We enjoy eating dates as a snack or as a dessert after a meal.

I made a few minor adjustments to my mother’s recipe.

Its sugar is far more nutritious than processed granulated white sugar, which has been refined. In addition, I find it simpler to chop dates using a knife rather than a food processor rather than a food processor.

  • A quarter cup of granulated sugar white
  • A quarter cup of brown sugar
  • One cup of softened butter
  • One cup of all-purpose flour
  • Two pieces whole eggs
  • One-and-a-half teaspoonsbaking soda
  • One-and-a-half teaspoonsbaking powder
  • One-and-a-half teaspoonssalt
  • One-and-a-half teaspoonsvanilla
  • Toss flour, salt, baking soda, and baking powder together in a large mixing bowl. Remove from consideration
  • Using an electric mixer, beat the butter until light and fluffy, then gradually add the white and brown sugar. Mix until the mixture is light and fluffy. Add the eggs and mix until everything is well-combined. Add in the vanilla extract
  • Add the flour mixture in little amounts at a time. Mix until everything is well-combined. Add the dates and walnuts and mix well. Grease an 11 x 7-inch baking sheet with cooking spray after the mixture is thoroughly combined. Bake at 300 degrees F for 30 minutes, then at 350 degrees F for 15 minutes. Pour batter into baking dish. Note: Because oven temperatures vary, you should modify baking times appropriately. Once you’ve finished baking, allow it to cool completely. To loosen the sides, use a spatula to spread them out. Remove from oven and cut into 18 pieces or serves. Enjoy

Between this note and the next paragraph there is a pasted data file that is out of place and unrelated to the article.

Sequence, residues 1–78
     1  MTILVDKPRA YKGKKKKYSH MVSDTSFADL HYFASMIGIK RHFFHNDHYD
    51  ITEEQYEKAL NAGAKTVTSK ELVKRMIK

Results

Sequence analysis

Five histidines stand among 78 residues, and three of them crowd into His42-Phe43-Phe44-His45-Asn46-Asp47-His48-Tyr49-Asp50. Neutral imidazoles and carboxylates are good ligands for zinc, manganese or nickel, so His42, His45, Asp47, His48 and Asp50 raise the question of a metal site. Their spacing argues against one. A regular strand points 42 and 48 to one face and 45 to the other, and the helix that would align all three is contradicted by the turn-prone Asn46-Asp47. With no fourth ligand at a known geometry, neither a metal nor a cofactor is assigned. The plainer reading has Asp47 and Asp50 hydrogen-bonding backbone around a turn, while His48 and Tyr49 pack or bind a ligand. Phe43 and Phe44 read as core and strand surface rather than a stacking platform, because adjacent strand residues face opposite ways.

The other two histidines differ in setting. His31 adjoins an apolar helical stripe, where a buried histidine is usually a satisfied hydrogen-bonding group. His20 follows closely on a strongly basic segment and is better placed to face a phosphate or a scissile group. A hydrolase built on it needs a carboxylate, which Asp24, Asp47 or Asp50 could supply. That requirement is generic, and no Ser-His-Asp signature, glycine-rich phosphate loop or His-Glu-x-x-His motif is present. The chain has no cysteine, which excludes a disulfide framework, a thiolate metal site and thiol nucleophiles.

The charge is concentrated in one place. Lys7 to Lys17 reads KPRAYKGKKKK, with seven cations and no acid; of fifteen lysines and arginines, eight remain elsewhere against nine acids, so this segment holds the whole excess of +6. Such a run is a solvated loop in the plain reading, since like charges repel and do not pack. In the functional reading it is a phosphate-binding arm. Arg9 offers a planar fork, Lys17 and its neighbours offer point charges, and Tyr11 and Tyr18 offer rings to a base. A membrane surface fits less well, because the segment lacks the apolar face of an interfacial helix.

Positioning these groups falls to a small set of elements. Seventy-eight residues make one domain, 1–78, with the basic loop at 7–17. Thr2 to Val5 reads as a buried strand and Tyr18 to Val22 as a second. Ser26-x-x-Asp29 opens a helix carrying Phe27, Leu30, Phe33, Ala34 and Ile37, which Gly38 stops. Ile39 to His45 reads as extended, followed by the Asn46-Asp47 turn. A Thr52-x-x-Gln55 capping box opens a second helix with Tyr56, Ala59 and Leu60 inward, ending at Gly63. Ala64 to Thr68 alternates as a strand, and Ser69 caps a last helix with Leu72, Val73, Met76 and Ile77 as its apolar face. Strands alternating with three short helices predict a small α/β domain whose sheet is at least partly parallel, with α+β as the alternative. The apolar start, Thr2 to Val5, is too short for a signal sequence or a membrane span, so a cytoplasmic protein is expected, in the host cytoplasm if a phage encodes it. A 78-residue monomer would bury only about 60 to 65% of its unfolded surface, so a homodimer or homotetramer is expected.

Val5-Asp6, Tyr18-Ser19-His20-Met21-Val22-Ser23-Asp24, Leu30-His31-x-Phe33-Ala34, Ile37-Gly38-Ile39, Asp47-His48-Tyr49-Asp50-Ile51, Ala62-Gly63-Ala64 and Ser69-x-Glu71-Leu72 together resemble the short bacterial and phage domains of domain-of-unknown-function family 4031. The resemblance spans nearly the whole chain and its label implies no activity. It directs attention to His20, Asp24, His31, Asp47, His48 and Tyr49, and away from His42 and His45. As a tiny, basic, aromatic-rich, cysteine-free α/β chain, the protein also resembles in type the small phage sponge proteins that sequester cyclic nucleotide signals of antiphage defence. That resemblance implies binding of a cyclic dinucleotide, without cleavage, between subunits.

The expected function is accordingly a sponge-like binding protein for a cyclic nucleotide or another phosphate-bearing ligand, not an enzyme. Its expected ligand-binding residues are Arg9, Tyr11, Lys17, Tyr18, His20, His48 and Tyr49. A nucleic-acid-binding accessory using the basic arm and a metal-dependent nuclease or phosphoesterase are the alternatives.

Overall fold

• Keep it in a tightly sealed container.
  1. When chopping dates using a knife rather than a food processor, the results are more consistent.

calories: 226kcal|carbohydrates: 29g|protein: 1g|fat: 12g|saturated fat: 6g|cholesterol: 27mg|sodium: 187mg|potassium: 129mg|fibre: 1 g|sugar: 22g|vitamin A: 335IU|calcium: 25mg|iron:0.6mg|iron:0.6mg